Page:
MR BERGER: Did you tell the trial court that by the 18th June 1992 you were aware that the Kwamadala residents had attacked Boipatong?

MR MTHEMBU: At that time I did not have knowledge but I later got to know and as I'm looking at the facts now it appears and after hearing Mr Khanyile's evidence, he was one of the people who got through the gate on the 17th on the night. I could not point a finger at him.

MR BERGER: Let's go to the 18th June. You say that Themba Khosa came on the 19th not the 18th?

MR MTHEMBU: I said so, I said what I can still remember well and what we did with Mr Themba Khosa it was on the 19th, I know very well what he did on that particular day. I do not dispute the fact that he was not there on the 18th, everything was still new to me. They were asking everything, they were asking me some questions, I cannot dispute that fact.

MR BERGER: Could it be that you are mistaken and let me tell you why. Mr Mkwanazi for example gave evidence just before you and he confirmed that Mr Themba Khosa was present on the 18th with Humphrey Nglovo. Mr Themba Khosa himself on a radio interview last week confirmed that within hours of the news of the attack on the 18th he was at Kwamadala Hostel on the 18th.

MR MTHEMBU: Yes I agree that I have made a mistake if that's the case.

MR BERGER: Now on the 18th when Themba Khosa came, Humphrey Nglovo came, you say that Ms Anina van der Westhuizen was also there?

MR MTHEMBU: That is why I can talk about the 18th, I beg your pardon on the 19th, I can make a mistake about the 18th. Let us not talk about the dates, the 18th, but I remember very well on the 19th, I remember very well what happened on the 19th.

MR BERGER: Were you not at the meeting on the 18th when Themba Khosa was there?

MR MTHEMBU: No I can't remember.

MR BERGER: At that meeting where Themba Khosa was and Humphrey Nglovo, you say that you never heard Themba Khosa say that all the goods must be burned, all the evidence must be burned?

MR MTHEMBU: I said that as I've already told that I apologise for what happened on the 18th.

MR BERGER: No, no, you don't have to apologise.

CHAIRPERSON: Are you saying that you cannot recall what took place on the 18th?

MR BERGER: No I cannot remember what took place on the 18th.

CHAIRPERSON: You see because the evidence has been that another meeting was called, all the men went to the stadium, this is now the day after the attack, you don't remember that?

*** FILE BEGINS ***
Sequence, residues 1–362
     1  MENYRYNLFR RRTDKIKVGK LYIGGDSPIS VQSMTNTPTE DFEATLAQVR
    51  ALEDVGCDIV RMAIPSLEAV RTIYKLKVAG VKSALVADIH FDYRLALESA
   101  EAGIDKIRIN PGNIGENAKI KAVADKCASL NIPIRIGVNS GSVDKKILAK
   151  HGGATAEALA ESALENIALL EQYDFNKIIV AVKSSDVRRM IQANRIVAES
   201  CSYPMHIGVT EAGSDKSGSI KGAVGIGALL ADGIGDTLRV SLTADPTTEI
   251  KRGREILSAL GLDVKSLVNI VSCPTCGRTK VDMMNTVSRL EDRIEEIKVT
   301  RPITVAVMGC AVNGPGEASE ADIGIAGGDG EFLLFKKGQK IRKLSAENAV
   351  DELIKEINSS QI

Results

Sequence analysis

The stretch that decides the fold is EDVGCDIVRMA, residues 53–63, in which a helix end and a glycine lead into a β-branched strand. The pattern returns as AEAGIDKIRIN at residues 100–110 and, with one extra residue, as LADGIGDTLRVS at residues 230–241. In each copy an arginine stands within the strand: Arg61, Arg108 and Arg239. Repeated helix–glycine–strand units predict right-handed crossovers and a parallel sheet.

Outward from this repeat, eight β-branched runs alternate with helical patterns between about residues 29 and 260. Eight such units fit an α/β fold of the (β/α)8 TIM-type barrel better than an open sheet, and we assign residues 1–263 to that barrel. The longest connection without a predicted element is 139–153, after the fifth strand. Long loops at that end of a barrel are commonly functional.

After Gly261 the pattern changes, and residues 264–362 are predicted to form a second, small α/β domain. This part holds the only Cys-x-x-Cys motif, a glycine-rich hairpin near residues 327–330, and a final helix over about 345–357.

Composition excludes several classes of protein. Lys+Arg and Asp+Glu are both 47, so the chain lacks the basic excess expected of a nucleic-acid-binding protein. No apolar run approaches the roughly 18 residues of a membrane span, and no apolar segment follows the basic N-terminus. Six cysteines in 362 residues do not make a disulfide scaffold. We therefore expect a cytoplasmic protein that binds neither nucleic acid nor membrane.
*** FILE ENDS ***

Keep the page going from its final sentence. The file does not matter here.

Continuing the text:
MR BERGER: I remember but all the things that happened on the 18th were new on my mind.

CHAIRPERSON: Were you on duty on the 18th June?

MR BERGER: Yes.

CHAIRPERSON: At the gate?

MR BERGER: Yes.

CHAIRPERSON: Did you go to the stadium when the meeting was called?

MR BERGER: I went there it was in the morning, I went there to address but there was not a stadium, it's just an arena.

CHAIRPERSON: And you were present in the arena with hundreds of men when Themba Khosa addressed them or Humphrey Nglovo?

MR MTHEMBU: Yes I was once there, only once. Not only once more than once.

MR BERGER: And during that meeting somebody, let me put it just at that for the time being, somebody gave an order that all the loot from Boipatong must be burnt? Do you remember that?

MR MTHEMBU: No I cannot recall but I've heard that if I was there I would remember.

MR BERGER: No you were there because in your further particulars, question 5.1, you say they came with Attorney Anina van der Westhuizen, that's Themba Khosa and Humphrey Nglovo? One of them, I can't remember which one of the two said that we must co-operate with the police?

MR MTHEMBU: Yes I agree Mr Berger.

CHAIRPERSON: I think what he says, he didn't hear, is the part dealing with the burning of the loot.

MR STRYDOM: Chairperson also that answer does not necessarily - sorry.

CHAIRPERSON: Is that right Mr Mthembu?

MR MTHEMBU: Yes that is correct.

MR STRYDOM: Question 5 reads as follows:

"Did Mr Themba Khosa and Mr Humphrey Nglovo visit Kwamadala after the attack. If so give some nature of this visit."

It does not - they said it points to the 18th, could also be the 19th the witness has been referring to.

CHAIRPERSON: But I think Mr Berger is aware of the fact that what this witness has been repeatedly saying is that he is sure about the 19th but he is not sure about the 18th but in any event I think the point has been cleared, yes.

MR BERGER: Yes I am aware of that but Mr Mthembu, what you're saying is if Themba Khosa says he was there on the 18th, you're not going to dispute that?

CHAIRPERSON: No, I won't dispute that.

MR BERGER: If Mr Mkwanazi says that he attended a meeting on the 18th at the stadium or the arena where Themba Khosa was present and Humphrey Nglovo was present, you're not going to dispute that?

MR MTHEMBU: No I won't dispute that.

MR BERGER: During the course of that day round about midday or the early hours of the afternoon, we know that all the loot from Boipatong was burnt, all the evidence that linked the attackers to Boipatong was burnt and destroyed. You don't dispute that, am I right?

MR MTHEMBU: I cannot dispute that.

MR BERGER: And are you saying that at the time you were not aware at all of the fact that there was this burning going on?

MR MTHEMBU: I did not have knowledge.

MR BERGER: When was the first time that you heard that evidence from Boipatong had been burnt?

MR MTHEMBU: I heard that for the first time here in this TRC hearing.

MR BERGER: You never heard about it during the criminal trial?

MR MTHEMBU: No, I did not hear anything.

CHAIRPERSON: Did you say you were isolated?

MR MTHEMBU: Yes I'm saying that.

CHAIRPERSON: Did you say you were isolated?

MR MTHEMBU: Yes I said I was isolated.